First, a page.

Decision to hire Joe Kernan paid off for International Rules series
Let's suspend reality and take the marketing of the International Rules series into another dimension; specifically, that of the boardroom of 'The Apprentice'.
Two opposing teams sit across the table from Lord Sugar as he outlines the task. Two sports, with vastly different rules. They even use a different shape of ball. Somehow, they come together.
However, this experiment has run into problems in the past; namely, gruesome violence. And two years ago, one of the sporting bodies more or less wrote the series off by sending an ill-equipped group of indigenous players who lost by an aggregate of 101 points.
By this stage, Lord Sugar's aide Karren Brady would have raised her eyebrow. Right-hand man Claude Littner might even have made some sort of facial expression.
It's a hard sell. A salesman was required. Enter Joe Kernan.
The Crossmaglen man has now entered a statesman-like period. At 61 years of age, he doesn't need to go through the mincer of inter-county management anymore and has been free to take up a number of honorary managerial posts available to a man of his standing in the game.
He accepted the Ulster job when it was offered and landed inter-provincial titles. Now he has brought the Cormac McAnallen Cup back and has a trip to Australia to look forward to next year.
Last Friday, the Australian Rules representatives, led by their press officer Patrick Keane, insisted on their interviews taking the form of a top-table question and answer session.
Keane might as well have sauntered up to the Gaelic games correspondents, flamboyantly broken wind while invading personal space, flashed a smile and walked away whistling 'Waltzing Matilda'.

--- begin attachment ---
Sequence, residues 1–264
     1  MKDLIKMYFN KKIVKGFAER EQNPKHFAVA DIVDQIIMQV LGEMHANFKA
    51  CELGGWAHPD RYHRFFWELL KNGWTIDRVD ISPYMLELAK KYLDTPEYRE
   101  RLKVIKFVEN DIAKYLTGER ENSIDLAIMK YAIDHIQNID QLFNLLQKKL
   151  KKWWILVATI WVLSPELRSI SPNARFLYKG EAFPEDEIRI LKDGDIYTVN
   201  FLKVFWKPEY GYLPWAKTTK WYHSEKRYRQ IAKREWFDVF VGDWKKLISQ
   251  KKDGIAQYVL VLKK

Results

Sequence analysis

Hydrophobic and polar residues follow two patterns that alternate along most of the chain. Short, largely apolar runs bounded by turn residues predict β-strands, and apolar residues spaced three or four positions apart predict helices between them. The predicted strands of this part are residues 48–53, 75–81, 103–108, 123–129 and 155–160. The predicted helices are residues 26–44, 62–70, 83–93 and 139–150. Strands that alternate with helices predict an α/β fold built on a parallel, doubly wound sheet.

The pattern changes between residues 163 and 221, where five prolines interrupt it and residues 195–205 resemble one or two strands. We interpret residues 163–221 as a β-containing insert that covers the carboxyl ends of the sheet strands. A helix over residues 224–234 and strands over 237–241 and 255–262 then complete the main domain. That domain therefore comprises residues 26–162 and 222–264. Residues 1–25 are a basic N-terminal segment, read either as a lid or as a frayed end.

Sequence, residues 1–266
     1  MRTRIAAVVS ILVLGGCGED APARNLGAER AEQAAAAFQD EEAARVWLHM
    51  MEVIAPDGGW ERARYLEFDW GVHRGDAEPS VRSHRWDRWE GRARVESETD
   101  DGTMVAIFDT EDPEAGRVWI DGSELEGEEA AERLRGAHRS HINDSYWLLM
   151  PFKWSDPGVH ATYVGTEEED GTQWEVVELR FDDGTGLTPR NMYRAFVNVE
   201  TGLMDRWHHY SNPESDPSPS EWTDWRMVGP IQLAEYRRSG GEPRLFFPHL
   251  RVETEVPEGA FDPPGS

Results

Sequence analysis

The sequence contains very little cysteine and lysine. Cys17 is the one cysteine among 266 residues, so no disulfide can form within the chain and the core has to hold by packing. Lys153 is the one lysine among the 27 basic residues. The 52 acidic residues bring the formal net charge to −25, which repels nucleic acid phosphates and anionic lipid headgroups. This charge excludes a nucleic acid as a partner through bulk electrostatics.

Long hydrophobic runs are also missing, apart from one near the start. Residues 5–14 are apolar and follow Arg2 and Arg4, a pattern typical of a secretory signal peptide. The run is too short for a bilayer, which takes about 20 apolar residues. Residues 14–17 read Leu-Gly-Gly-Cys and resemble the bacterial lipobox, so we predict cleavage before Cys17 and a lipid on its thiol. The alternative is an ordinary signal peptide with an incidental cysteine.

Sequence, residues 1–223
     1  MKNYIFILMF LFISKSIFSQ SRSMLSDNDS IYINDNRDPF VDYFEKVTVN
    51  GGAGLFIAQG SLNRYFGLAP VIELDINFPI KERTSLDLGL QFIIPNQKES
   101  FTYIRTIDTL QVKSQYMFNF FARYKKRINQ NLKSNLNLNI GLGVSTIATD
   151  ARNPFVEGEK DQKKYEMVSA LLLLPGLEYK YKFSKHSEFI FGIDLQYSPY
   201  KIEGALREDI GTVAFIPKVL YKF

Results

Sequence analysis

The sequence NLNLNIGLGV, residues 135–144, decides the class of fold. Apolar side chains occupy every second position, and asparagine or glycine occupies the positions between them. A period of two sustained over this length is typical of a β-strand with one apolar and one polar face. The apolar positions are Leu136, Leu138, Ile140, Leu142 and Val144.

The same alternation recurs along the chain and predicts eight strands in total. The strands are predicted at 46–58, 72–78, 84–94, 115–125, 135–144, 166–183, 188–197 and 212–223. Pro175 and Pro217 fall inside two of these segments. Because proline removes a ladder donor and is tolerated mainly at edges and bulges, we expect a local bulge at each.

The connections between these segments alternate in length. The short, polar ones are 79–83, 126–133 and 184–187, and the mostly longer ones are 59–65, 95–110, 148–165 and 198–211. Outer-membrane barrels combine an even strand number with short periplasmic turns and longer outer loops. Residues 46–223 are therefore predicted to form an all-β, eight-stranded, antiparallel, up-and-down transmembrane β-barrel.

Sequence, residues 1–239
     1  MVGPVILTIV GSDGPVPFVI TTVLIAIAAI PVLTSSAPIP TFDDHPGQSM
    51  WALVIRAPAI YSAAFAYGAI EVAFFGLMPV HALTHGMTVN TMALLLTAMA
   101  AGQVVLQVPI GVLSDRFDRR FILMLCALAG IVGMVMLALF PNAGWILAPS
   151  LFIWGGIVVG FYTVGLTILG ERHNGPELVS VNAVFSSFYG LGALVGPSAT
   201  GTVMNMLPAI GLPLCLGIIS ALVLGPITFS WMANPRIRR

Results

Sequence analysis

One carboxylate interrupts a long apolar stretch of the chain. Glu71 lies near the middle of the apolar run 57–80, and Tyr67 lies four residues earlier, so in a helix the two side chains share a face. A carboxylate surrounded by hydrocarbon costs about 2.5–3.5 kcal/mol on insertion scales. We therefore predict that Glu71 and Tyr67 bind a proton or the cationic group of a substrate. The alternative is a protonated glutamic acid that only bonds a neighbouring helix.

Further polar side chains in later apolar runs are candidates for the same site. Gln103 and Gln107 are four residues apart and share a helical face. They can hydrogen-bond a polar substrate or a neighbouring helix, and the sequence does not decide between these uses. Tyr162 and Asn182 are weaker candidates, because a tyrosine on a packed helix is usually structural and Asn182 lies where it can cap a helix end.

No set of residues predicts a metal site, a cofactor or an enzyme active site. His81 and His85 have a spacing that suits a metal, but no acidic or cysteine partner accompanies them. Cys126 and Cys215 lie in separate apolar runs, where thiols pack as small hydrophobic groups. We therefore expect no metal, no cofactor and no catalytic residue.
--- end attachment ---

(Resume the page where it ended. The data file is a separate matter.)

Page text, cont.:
'Q & As' are asinine affairs, designed to crush independent thought by players and management and create an invisible barrier between protagonists and journalists with a physical blockade of a desk decorated by spring water.
The day was saved when Kernan (pictured with Jack McCaffrey) came back to conduct a further GAA-type of interview when everyone huddles tightly around their prey, dictaphones held at arm's length. He sold the series.
His warmth and his ability to actually look inquisitors in the eye when answering questions has always been widely appreciated.
He left journalists purring and boosted by a grown-up, entertaining conversation.
He said: "This game has been going for 30 years; this is going to be the toughest Test ever… It's going to be the toughest man-to-man, end-to-end game."
Back at the birth of the series, the President of the then-called NFL, Dr Allen Aylett, said in 1984: "In this game we have a space-age spectacular if we continue to work on it, a game twice as fast as any other form of football in the world."
Just two years later, the Australian manager John Todd called the Irish "wimps".
He added: "They'd make great soccer players, but wouldn't have a hope of making the grade in Australian Rules.
"They're not tough enough to handle a real game."
What transpired on Saturday night was a mildly entertaining game of a diluted sport. The marking and the physical exchanges were set at no more than challenge match levels, and the closeness of the scoring covered a multitude of fault lines.
We have the Railway Cup appearing on the horizon. Pete McGrath is taking over from Kernan as Ulster manager.
In Ulster, we like to place plenty of store in the competition, but it must be of some discomfort to current GAA President, Cavan man Aogan O'Fearghail, that it is being ran off as a two-day blitz.
McGrath can certainly sell the series, but the lack of promotion on a national and provincial scale so far stands in stark contrast to the treatment the hybrid game was afforded.